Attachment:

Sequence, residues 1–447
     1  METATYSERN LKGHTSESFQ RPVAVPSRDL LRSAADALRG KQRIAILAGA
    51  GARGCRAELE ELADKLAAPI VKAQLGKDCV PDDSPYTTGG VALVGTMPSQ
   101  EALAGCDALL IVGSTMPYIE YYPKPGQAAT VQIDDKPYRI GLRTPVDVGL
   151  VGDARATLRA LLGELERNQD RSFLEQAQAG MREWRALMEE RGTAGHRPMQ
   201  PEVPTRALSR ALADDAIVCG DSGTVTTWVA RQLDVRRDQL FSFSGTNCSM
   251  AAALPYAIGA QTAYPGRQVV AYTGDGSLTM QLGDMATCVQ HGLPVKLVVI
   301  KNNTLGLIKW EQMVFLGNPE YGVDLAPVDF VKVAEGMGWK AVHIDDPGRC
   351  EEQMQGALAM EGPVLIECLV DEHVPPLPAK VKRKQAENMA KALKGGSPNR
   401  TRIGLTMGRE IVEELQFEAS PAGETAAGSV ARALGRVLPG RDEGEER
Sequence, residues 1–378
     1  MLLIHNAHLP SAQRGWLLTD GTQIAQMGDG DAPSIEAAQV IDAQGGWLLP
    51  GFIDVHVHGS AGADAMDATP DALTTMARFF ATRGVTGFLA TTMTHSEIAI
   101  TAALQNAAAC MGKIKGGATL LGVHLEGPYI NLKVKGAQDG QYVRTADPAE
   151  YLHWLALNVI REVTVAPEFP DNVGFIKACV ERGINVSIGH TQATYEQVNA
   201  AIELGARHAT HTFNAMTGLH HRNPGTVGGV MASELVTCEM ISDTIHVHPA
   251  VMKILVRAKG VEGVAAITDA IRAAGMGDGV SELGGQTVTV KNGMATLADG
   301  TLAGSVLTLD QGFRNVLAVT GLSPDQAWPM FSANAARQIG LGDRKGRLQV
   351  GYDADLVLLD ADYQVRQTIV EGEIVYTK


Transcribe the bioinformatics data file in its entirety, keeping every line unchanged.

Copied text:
Sequence, residues 1–447
     1  METATYSERN LKGHTSESFQ RPVAVPSRDL LRSAADALRG KQRIAILAGA
    51  GARGCRAELE ELADKLAAPI VKAQLGKDCV PDDSPYTTGG VALVGTMPSQ
   101  EALAGCDALL IVGSTMPYIE YYPKPGQAAT VQIDDKPYRI GLRTPVDVGL
   151  VGDARATLRA LLGELERNQD RSFLEQAQAG MREWRALMEE RGTAGHRPMQ
   201  PEVPTRALSR ALADDAIVCG DSGTVTTWVA RQLDVRRDQL FSFSGTNCSM
   251  AAALPYAIGA QTAYPGRQVV AYTGDGSLTM QLGDMATCVQ HGLPVKLVVI
   301  KNNTLGLIKW EQMVFLGNPE YGVDLAPVDF VKVAEGMGWK AVHIDDPGRC
   351  EEQMQGALAM EGPVLIECLV DEHVPPLPAK VKRKQAENMA KALKGGSPNR
   401  TRIGLTMGRE IVEELQFEAS PAGETAAGSV ARALGRVLPG RDEGEER
Sequence, residues 1–378
     1  MLLIHNAHLP SAQRGWLLTD GTQIAQMGDG DAPSIEAAQV IDAQGGWLLP
    51  GFIDVHVHGS AGADAMDATP DALTTMARFF ATRGVTGFLA TTMTHSEIAI
   101  TAALQNAAAC MGKIKGGATL LGVHLEGPYI NLKVKGAQDG QYVRTADPAE
   151  YLHWLALNVI REVTVAPEFP DNVGFIKACV ERGINVSIGH TQATYEQVNA
   201  AIELGARHAT HTFNAMTGLH HRNPGTVGGV MASELVTCEM ISDTIHVHPA
   251  VMKILVRAKG VEGVAAITDA IRAAGMGDGV SELGGQTVTV KNGMATLADG
   301  TLAGSVLTLD QGFRNVLAVT GLSPDQAWPM FSANAARQIG LGDRKGRLQV
   351  GYDADLVLLD ADYQVRQTIV EGEIVYTK